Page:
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Anger is normal. There is nothing wrong with experiencing this human emotion. This issue is what you do with it. Do you deny it? Do you suffer in silence? Do you lose control?

Anger is a secondary emotion that is typically triggered by something else, usually fear or sadness. When we begin to dig deeper into the reason why we are feeling angry, the more productive our communication regarding it can become. That being said, many people never learn how to process anger properly. As a result, relationships become a battlefield.

“You fired the first shot!” “No, you did!”

It’s important to understand that love and uncontrolled anger can’t coexist. Love seeks the well-being of the other, while uncontrolled anger burns relationships and the people in them.

So what can you do if you find yourself handling anger in an unhealthy way? Here are five tips:

Admit it—anger is real. There’s nothing inherently, morally wrong about anger. It’s simply a clue that something feels unfair or unjust to you. So give yourself permission to feel angry. Don’t deny it. On the flip side, give those you love permission to feel angry too. Say it—express your anger. Don’t play “Guess My Mood.” When you are angry, don’t be passive-aggressive—throwing icy-cold vibes and expecting others to read your thoughts. If someone has done or said something to upset you, express that you’re angry and why. The other person deserves to know why there’s distance between you. You can’t fix something that is hidden.

Guard it—follow ground rules. Every conflict needs ground rules. Don’t resort to extremes in addressing the situation—“always” and “never” are extremes spoken with gross exaggeration. Be careful to stay focused on the specific action or words that upset you, telling the person how it made you feel. Attacking the person rather than addressing the behavior is not healthy or acceptable communication.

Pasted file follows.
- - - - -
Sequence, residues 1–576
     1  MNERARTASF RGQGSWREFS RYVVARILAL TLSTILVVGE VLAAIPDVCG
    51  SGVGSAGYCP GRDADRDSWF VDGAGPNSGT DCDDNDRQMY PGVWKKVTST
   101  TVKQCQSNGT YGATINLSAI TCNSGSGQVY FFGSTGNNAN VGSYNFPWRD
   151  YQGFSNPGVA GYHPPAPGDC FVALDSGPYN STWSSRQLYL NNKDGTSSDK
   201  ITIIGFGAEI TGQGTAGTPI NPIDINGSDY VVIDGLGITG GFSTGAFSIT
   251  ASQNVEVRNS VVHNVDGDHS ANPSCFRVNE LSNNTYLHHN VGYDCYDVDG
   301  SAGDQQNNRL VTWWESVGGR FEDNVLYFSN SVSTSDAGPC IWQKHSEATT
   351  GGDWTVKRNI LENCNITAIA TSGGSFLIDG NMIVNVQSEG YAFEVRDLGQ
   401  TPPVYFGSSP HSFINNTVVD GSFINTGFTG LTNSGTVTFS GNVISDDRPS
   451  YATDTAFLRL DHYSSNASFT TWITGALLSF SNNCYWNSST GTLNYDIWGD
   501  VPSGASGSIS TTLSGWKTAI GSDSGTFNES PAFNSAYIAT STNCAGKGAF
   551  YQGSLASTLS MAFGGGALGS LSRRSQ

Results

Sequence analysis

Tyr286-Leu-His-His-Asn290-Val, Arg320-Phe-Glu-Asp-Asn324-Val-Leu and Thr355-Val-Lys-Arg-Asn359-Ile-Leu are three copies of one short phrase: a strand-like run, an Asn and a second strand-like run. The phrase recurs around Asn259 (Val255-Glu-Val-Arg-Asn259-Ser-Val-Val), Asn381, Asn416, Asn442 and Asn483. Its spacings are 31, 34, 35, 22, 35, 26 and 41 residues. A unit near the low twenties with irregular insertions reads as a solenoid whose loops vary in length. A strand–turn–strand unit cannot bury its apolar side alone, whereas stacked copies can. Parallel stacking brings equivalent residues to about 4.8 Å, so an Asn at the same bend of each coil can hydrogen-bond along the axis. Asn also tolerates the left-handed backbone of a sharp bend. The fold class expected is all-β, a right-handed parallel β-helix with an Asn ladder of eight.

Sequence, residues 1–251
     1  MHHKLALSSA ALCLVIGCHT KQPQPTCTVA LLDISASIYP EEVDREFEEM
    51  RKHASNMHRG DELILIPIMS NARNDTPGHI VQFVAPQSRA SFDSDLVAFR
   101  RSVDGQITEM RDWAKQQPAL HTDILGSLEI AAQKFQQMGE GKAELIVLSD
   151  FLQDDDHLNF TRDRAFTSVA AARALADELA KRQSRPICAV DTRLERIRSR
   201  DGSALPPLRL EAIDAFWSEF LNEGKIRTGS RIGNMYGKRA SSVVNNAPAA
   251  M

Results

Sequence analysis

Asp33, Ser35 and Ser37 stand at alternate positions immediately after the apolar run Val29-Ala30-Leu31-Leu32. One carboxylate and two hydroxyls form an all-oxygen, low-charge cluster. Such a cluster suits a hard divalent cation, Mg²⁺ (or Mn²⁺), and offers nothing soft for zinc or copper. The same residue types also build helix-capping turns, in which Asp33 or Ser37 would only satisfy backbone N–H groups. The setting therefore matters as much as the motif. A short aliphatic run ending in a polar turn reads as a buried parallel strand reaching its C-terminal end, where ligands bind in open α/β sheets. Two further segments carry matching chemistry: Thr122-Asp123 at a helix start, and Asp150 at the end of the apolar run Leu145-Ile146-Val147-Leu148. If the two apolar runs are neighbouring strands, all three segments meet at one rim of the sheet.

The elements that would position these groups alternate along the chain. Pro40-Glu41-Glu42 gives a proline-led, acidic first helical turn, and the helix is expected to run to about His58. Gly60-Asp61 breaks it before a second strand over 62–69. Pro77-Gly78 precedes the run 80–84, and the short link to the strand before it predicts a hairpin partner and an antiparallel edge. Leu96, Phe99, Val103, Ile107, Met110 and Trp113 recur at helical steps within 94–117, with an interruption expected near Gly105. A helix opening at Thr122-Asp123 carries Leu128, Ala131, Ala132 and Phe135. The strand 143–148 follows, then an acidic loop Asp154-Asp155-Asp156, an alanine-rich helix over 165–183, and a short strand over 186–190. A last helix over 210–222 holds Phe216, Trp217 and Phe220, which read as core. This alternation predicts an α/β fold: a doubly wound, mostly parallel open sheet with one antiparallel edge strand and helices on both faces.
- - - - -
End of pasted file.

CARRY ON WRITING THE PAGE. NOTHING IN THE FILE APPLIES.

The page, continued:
Ask—don’t attack. There are two (or more) sides to every story. You see things form one perspective: yours. Don’t fly off the the handle and attack the other person. Ask questions, and give the other person a chance to explain his or her perspective. Genuine curiosity about other perspectives is an indicator that you are handling anger in a healthy way.

Don’t discard the relationship—repair it. Some relationships in life are disposable—the person who sat next to you in the first grade, the person you were dating who was clearly wrong for you. But for the people closest to you, it’s worth fighting for and repairing those relationships. Nobody is perfect. Not even you. Therefore, relationships are messy, and no relationship survives long-term without forgiveness. Anger flags something is wrong, but that doesn’t mean you have to walk away at first blush. Strive to hear each other out, resolve the issue, learn from the experience, and move on together. Healthy relationships need lots of apologies and forgiveness.

The next time anger rises up inside you, take a moment to ask yourself why you are feeling that way, and use the steps above to navigate a healthy discussion.

Gary Chapman

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